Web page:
Seven strategies to launch a career overseas
The thought of a career overseas, living and working abroad can be an exciting – and daunting – prospect. If working in a foreign country has been one of your dreams, the good news is, it’s possible. It’s not easy, but it can be done.
Here are seven things to improve your chances.
1. Make lists
Start by making a list of all the companies that interest you and can use your skill-set. What kind of culture are you seeking?
Next, determine what job search tools you’re going to rely on the most: networking, corporate websites, trade journals, government sources or international job fairs. Make a list of all the job sites in your chosen country and get familiar with the ones that are most relevant and will help you expand your job search.
There are also job sites devoted to people who want to work abroad.
2. Research, research, research
Research the leading overseas companies in your industry and the ones that are most likely to hire foreigners. Study foreign media sources to stay informed about industry trends that may come up in interview questions and help you land a job.
3. Build connections
Building a network of friends and peers begins even before you move to a foreign country. This will help you cope with the strong emotions that often come with moving far away – including homesickness – plus you’ll develop a group of friends who have something in common with you, whether they’re newcomers like you or more experienced employees.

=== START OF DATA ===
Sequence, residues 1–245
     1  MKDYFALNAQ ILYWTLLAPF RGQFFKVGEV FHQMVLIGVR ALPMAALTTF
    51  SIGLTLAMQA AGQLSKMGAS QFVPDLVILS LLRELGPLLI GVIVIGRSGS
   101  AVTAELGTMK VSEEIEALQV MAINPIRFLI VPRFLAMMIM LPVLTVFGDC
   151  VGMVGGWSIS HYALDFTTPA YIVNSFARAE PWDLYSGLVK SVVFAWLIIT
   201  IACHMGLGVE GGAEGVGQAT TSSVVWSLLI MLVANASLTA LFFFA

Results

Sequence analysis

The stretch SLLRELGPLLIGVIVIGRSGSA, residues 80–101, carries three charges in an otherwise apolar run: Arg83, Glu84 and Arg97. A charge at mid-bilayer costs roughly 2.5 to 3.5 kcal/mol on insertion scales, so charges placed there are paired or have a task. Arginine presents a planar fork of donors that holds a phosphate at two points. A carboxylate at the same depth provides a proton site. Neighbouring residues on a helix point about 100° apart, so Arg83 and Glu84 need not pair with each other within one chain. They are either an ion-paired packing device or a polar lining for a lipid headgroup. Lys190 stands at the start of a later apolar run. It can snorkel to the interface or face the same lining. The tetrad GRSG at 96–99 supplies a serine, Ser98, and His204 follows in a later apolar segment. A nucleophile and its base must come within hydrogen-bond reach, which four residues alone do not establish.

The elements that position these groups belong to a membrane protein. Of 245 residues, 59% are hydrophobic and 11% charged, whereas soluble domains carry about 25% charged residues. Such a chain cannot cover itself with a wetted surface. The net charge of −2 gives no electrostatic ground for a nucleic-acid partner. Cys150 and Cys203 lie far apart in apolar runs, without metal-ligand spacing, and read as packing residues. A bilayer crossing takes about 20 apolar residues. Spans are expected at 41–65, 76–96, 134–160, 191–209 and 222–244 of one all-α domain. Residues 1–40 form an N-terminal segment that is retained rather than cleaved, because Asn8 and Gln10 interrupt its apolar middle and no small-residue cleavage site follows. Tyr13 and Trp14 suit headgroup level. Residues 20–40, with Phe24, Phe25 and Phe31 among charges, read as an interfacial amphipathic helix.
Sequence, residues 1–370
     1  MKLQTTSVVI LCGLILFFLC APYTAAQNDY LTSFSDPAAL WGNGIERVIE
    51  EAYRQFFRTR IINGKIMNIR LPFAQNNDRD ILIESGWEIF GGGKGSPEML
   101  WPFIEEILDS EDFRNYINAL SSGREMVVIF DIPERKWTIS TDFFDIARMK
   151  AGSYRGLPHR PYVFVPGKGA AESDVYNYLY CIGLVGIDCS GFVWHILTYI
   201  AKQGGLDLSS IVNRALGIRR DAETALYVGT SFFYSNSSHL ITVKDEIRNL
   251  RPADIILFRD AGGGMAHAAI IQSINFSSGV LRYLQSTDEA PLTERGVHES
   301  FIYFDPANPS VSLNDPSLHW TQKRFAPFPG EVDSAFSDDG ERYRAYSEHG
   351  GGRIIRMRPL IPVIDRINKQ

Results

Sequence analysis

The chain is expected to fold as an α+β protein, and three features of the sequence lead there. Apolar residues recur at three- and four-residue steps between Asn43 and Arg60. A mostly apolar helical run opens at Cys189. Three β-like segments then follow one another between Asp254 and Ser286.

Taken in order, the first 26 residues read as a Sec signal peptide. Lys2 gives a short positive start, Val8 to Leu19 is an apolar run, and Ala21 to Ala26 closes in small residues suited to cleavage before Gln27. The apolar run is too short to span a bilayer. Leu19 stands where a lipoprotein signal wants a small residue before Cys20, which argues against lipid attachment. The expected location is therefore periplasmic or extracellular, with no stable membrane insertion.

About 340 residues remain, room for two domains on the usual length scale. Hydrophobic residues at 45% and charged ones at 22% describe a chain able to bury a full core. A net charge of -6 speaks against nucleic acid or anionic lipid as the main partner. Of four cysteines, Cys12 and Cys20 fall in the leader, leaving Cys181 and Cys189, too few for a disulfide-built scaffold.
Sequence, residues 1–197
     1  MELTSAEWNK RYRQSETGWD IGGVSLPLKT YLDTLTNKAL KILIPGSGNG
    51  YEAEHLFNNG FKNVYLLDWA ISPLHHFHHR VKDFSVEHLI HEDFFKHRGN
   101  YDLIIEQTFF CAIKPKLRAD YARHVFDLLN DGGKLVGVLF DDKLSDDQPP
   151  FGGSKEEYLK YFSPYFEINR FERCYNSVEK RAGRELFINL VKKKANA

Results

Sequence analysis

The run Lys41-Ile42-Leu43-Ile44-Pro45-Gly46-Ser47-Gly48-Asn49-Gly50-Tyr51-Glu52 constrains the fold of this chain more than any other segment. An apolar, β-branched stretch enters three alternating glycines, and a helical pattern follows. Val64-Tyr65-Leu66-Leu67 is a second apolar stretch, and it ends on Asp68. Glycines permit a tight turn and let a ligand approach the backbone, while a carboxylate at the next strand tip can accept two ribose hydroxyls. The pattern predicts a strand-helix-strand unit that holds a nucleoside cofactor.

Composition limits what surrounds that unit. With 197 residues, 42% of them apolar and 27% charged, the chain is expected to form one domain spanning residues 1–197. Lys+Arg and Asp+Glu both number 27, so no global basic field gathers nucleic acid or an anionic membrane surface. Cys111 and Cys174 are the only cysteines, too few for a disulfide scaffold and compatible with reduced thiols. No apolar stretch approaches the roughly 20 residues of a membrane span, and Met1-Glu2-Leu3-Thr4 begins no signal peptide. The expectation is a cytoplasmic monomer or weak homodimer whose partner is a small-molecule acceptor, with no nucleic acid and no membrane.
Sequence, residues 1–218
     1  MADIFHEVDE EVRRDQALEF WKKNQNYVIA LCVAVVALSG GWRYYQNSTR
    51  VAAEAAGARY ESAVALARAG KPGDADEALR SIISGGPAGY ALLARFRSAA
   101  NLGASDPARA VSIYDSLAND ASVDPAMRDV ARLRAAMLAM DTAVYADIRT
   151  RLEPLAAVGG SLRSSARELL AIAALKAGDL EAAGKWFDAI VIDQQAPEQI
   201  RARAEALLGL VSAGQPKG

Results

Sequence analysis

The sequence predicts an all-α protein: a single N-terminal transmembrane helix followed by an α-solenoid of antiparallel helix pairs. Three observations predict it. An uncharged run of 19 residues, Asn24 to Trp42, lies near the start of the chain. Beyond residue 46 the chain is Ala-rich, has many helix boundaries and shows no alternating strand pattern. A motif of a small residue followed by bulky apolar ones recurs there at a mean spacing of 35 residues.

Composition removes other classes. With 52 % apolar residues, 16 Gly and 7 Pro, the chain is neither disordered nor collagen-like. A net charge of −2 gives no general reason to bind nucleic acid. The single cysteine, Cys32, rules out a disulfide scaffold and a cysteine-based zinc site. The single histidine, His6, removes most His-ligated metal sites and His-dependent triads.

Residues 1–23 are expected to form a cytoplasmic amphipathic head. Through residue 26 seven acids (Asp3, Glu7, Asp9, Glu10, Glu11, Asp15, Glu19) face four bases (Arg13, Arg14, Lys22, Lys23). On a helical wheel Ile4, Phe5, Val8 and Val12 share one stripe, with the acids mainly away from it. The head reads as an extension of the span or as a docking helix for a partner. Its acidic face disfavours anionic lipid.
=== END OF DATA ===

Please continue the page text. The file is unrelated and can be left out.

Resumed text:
4. Be patient
Finding work overseas can take much longer than finding a job at home. If you’re planning to head abroad before you land a job, be sure to have a plan in place if you’re unable to find work in immediately.
5. Sharpen your skill sets
Your new job overseas may require you to speak a foreign language, and it never hurts to educate yourself about cultural norms so you’re aware of the types of skills and behaviours that will make a good impression from the start.
6. Have the right documentation
Every government has its set of rules when it comes to the kind of documentation you’ll need to work in their country. China, for example, requires a university degree to obtain a work.
7. Travel there first
Visiting the country where you want to work can be very helpful if you can afford to do so. Do some sightseeing while you’re there but be purposeful; make connections and get face-to-face interviews if you can. The trip also shows that you’re serious about the move.
A career overseas can be both exciting and rewarding. While landing a job abroad is challenging, it can be done if you take the time to prepare yourself first.